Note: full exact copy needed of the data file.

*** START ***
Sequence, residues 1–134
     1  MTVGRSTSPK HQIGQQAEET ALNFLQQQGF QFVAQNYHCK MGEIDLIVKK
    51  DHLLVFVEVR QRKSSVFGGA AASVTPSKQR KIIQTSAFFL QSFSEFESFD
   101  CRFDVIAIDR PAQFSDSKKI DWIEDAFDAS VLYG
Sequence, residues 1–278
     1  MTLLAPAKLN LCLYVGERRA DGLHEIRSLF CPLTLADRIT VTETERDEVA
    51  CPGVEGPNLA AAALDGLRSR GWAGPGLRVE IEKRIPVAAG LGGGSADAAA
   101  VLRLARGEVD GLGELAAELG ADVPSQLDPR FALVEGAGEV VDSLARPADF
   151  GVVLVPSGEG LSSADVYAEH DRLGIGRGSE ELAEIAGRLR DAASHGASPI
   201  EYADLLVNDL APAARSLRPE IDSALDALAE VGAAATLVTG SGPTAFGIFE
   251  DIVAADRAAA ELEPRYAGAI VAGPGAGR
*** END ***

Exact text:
Sequence, residues 1–134
     1  MTVGRSTSPK HQIGQQAEET ALNFLQQQGF QFVAQNYHCK MGEIDLIVKK
    51  DHLLVFVEVR QRKSSVFGGA AASVTPSKQR KIIQTSAFFL QSFSEFESFD
   101  CRFDVIAIDR PAQFSDSKKI DWIEDAFDAS VLYG
Sequence, residues 1–278
     1  MTLLAPAKLN LCLYVGERRA DGLHEIRSLF CPLTLADRIT VTETERDEVA
    51  CPGVEGPNLA AAALDGLRSR GWAGPGLRVE IEKRIPVAAG LGGGSADAAA
   101  VLRLARGEVD GLGELAAELG ADVPSQLDPR FALVEGAGEV VDSLARPADF
   151  GVVLVPSGEG LSSADVYAEH DRLGIGRGSE ELAEIAGRLR DAASHGASPI
   201  EYADLLVNDL APAARSLRPE IDSALDALAE VGAAATLVTG SGPTAFGIFE
   251  DIVAADRAAA ELEPRYAGAI VAGPGAGR